Today, the U. S. Environmental Protection Agency announced that it would require BP to use a less toxic (and more effective) chemical dispersant than the brand used so far. I wish, I wish, I’m always wishing for these actions to sparkle with government intelligence and initiative.
But it’s obvious that the EPA was responding to pressure created by media reports, starting with a first class piece of research from Greenwire and by resulting Congressional inquiries. In fact, the EPA appears to have stood passively by while BP dumped more than half a million gallons of the chemical dispersant Corexit into the Gulf, despite the fact that it had been banned by the UK. And despite the fact that the agency’s own internal analysis showed that this particular brand was not only more toxic but less effective in cleaning Gulf crude oil than others readily available.
Further, our federal regulators have done little – let’s say nothing – to provide the rest of us with any reasonable information for assessing the chemical experiment no ongoing in the gulf. As I wrote in an earlier post (Dishwashing in the Gulf), Nalco, the company that makes Corexit, has made public limited health data by posting a list of the three primary compounds in their formula.
The first, 2-Butoxyethanol, was actually removed from the latest formula due to human health concerns. But in its hurry to start breaking down the oil, BP used thousands of gallons of this older formula, stockpiled and easy available. Most of the dispersant, though, has been the newer formula – which has depressingly resulted in us knowing less about what’s in the mix. The only specifically named compound on the hazard list for the “new” Corexit is propylene glycol, which is not really that toxic but raises concerns because it’s known to consume oxygen as it interacts with oil, posing a serious risk to aquatic species.
The company’s safety data also cites a “proprietary sulfonic acid” but this is a basically meaningless statement if one is trying to determine risks to the environment, wildlife or people.
Oh, sure there’s a vast quantity of information out there about sulfonic acids, which are used in aa array of industrial and researchl applications. For instance, some are used as buffering agents – meaning they help maintain a healthy pH balance – in cell cultures used in biomedical research. Others turn up in everything from laundry detergents to pesticides. So the the toxicity range is, well, large. Nothing to speak of in compounds used to maintain cell cultures. Lots to speak in some industrial formulations: Perfluorooctane sulfonic acid, for instance, which has been used in everything from fire-fighting foams to stain repellent formulas is has been linked to immune damage in animals and death in aquatic species.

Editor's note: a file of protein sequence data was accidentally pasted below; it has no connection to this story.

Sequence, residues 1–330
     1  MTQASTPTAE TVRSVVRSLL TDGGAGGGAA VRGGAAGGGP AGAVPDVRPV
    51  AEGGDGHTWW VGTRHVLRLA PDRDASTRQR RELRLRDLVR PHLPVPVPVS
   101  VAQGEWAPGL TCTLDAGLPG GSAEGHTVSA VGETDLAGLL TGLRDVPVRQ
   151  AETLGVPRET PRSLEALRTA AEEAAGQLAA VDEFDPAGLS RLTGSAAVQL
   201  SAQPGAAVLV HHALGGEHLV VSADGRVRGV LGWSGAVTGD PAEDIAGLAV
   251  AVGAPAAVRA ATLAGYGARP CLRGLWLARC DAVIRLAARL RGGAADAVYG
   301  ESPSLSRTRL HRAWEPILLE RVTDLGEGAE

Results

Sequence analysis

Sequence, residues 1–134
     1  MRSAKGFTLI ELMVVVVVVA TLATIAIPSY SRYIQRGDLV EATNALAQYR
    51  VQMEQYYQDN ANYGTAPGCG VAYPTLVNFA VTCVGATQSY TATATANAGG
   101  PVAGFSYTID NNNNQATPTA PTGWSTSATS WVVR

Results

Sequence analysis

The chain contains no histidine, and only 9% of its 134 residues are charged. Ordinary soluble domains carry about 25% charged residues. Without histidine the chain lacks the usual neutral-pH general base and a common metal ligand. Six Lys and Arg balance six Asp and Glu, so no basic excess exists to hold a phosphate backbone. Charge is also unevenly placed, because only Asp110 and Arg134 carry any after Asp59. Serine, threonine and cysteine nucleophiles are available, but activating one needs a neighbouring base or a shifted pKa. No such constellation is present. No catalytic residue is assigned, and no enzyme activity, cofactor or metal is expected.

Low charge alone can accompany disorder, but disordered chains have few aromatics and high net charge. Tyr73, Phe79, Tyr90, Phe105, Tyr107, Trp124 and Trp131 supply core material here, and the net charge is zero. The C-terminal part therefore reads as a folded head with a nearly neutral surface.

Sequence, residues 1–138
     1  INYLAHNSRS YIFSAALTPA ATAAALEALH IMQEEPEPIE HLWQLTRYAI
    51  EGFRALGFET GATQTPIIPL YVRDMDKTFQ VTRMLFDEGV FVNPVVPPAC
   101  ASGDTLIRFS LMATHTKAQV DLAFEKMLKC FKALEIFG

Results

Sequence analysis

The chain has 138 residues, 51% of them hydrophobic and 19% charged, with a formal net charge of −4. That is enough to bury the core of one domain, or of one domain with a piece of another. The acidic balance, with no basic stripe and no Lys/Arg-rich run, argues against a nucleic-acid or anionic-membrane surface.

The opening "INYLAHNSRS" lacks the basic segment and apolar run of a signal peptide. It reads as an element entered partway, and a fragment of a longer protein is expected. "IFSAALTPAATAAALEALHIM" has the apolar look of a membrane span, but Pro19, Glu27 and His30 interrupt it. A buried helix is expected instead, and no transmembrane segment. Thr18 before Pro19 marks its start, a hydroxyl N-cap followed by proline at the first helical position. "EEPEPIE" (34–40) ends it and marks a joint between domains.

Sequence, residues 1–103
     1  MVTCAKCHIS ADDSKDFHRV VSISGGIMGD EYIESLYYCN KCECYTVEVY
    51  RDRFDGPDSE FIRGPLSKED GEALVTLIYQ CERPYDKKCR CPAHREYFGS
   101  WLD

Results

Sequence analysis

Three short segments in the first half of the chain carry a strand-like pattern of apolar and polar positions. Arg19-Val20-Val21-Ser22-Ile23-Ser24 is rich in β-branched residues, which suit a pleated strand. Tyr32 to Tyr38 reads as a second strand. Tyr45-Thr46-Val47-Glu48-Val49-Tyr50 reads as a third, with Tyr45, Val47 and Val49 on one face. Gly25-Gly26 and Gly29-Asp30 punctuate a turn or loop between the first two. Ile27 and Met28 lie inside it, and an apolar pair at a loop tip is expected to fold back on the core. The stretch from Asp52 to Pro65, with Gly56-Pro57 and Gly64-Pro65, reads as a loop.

And in chemical dispersants? Well, according to the Environmental Working Group, the mysterious sulfonic acid in this case appears to be the active ingredient in breaking apart the oil. But Nalco reports that, nevertheless, its particular formula has not undergone thorough toxicity testing.
Remember my wish for regulators who display intelligence and initiative? Maybe it’s a little late to ask for that in this case. But how about informative?. If our government cannot take the basic steps to protect us from risky materials, it make an effort to educate us on what the risks are. And since I’m going for alliteration here how about adding this word to the list: immediately.